Today, the AJC has a story reporting that the cost of a full credit load has passed $8,000, an all-time high. The story says the average list price for a state school now runs more than $17,000 a year, according to the twin annual reports on college costs and student aid published Wednesday by the College Board.
Earlier, the AJC reported hat student debt now exceeds credit card debt. With my older two children at colleges that rank among the nation’s costliest, I worry about the debt that they will carry. But I also understand that college costs can be viewed as a debt or as an investment.
A reader sent me this note, which I thought provided great food for thought on this topic. Most of us evaluate a college’s value based on the classes, but the reader notes that better colleges place you in better milieus and expose you to a brighter class of people and could lead to many other enhancements in your life.
Here is his note:
First, I believe that selecting and getting into a college is the first adult decision that many kids make in their entire lives. It is time for them to begin thinking like an adult, which means things like where a buddy or girlfriend is going is pretty much out the window, along with a dozen other reasons that kids come up with for picking a particular school.
The sole criteria for most kids should be to get into the very best school they can qualify for and afford. If that’s not a real good school, get into the one that offers them the best opportunity to transfer. For example, Perimeter College has a deal with the University System, I believe, that allows their graduates, upon completion of their two-year program, to attend any school in the system. (For information on the GPC Transfer Admission Guarantees, click here.)
That includes Georgia Tech. What you have here is an opportunity for a kid who has pretty much messed up his life so far to work his way into a first-rate university, and it’s reasonably priced. Don’t want to be an engineer? I don’t blame you, but you have an opportunity to move into one of the higher circles in life.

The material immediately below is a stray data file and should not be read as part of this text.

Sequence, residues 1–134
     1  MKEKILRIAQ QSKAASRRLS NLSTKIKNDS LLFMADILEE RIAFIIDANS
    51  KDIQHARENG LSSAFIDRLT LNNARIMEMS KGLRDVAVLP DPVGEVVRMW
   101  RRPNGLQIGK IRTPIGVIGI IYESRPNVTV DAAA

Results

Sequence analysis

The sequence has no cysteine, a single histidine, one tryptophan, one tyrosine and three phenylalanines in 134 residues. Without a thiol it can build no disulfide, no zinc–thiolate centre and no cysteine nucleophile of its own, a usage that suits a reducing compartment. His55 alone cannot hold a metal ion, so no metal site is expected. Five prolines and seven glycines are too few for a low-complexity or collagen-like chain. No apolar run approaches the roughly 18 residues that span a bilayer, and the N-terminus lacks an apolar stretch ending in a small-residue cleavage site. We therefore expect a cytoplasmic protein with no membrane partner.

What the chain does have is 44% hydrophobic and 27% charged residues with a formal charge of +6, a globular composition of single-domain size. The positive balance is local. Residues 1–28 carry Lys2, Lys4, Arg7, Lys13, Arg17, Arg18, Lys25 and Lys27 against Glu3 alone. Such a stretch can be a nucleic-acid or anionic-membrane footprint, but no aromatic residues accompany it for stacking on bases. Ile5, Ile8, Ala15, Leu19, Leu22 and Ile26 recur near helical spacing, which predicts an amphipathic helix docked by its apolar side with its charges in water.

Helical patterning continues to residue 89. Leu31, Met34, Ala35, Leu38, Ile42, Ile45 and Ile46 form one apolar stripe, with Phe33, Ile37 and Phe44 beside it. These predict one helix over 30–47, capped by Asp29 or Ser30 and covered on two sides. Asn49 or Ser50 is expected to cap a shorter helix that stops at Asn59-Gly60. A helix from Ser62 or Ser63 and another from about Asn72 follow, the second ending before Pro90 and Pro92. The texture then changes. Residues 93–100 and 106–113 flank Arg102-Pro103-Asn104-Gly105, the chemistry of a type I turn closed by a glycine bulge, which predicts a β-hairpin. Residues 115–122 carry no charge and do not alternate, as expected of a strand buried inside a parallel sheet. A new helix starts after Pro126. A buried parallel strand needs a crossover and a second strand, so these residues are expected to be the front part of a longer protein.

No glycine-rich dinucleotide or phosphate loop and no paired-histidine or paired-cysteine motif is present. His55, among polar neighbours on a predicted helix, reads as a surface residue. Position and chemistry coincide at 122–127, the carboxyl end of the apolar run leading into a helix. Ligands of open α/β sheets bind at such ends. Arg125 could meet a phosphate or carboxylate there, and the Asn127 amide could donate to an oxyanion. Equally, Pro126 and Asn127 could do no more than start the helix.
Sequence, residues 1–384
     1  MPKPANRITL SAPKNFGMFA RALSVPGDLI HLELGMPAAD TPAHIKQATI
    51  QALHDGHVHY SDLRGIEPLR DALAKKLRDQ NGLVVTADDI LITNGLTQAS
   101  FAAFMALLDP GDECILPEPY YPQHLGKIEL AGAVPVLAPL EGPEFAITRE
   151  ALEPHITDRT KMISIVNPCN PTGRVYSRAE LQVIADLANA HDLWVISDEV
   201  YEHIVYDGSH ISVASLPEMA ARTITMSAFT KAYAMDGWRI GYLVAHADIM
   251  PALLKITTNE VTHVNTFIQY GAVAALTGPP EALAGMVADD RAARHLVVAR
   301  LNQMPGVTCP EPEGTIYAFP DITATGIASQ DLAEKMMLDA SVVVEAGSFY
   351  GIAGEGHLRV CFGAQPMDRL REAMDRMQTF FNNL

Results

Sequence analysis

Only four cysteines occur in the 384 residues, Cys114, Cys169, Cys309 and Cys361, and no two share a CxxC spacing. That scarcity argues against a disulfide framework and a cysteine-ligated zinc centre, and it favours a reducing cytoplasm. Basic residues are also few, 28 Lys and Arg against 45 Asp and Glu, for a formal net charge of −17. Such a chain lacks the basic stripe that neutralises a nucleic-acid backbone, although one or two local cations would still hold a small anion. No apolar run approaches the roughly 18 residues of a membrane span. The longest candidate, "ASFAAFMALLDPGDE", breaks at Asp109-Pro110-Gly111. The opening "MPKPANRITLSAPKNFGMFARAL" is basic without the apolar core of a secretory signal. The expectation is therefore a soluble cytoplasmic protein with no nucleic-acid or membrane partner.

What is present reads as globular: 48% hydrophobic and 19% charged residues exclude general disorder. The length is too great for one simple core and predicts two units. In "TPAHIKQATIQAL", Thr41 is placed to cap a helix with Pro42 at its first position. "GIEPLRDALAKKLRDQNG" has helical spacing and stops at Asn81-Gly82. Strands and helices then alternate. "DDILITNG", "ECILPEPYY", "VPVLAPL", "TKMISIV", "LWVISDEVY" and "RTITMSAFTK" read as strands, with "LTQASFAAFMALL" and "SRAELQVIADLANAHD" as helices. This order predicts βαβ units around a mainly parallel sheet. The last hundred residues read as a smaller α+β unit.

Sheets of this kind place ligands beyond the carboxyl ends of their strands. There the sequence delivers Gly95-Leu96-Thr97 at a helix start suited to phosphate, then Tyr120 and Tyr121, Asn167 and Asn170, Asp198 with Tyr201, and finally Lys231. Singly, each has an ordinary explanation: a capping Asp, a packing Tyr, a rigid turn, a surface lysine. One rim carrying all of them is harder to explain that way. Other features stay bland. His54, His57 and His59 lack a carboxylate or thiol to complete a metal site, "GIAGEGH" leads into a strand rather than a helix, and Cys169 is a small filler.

Why should a person want to do this? Forget the money. That will come, but consider the following. You’ve hung out at the gas station for most of your teen years, and your pimply faced buddies who communicate in grunts and obscenities. You’re the one who’s going to college. Are they or guys like them your forever social strata?
At a first-rate school, you tend to meet and know first-rate people and this will follow you through life. You begin to function in a group from whom the odds are you will choose a spouse (with whom you will beget children, who are little darlings and don’t need to be gotten out of jail every Saturday night.)
Believe it or not, your interests will be more interesting. Public service, travel, good music, better reading, world and national affairs etc. After all, how much time can you spend talking about transmissions?
Kids should know they’re talking about a decision that will affect their entire life.
I am skeptical about guidance counselors and objective advisers. This is an advocacy situation. Among the books I would recommend to this end is Andrew Ferguson’s “Crazy U: One Dad’s Crash Course in Getting His Kid Into College.” He reviews the entire admissions system in a thoroughly researched amusing book. He knows the colleges have not been entirely fair in the process and puts a lot of it into perspective.
On a slightly different topic, the NYT recently ran an article about a scam by a San Francisco college in which they gave scholarships to freshmen contingent on their maintaining a “B” average. Then, they limited the number of “A’s” and “B’s” their teachers could give. This resulted in a very large number of students losing their scholarship at the end of their first year. Because these were pretty good students, they had high “C” averages and, generally speaking, became tuition paying students. This is called “discounting.” I know of the same thing happening at a prominent Mountain State university, so word gets around.
–From Maureen Downey, for the AJC Get Schooled blog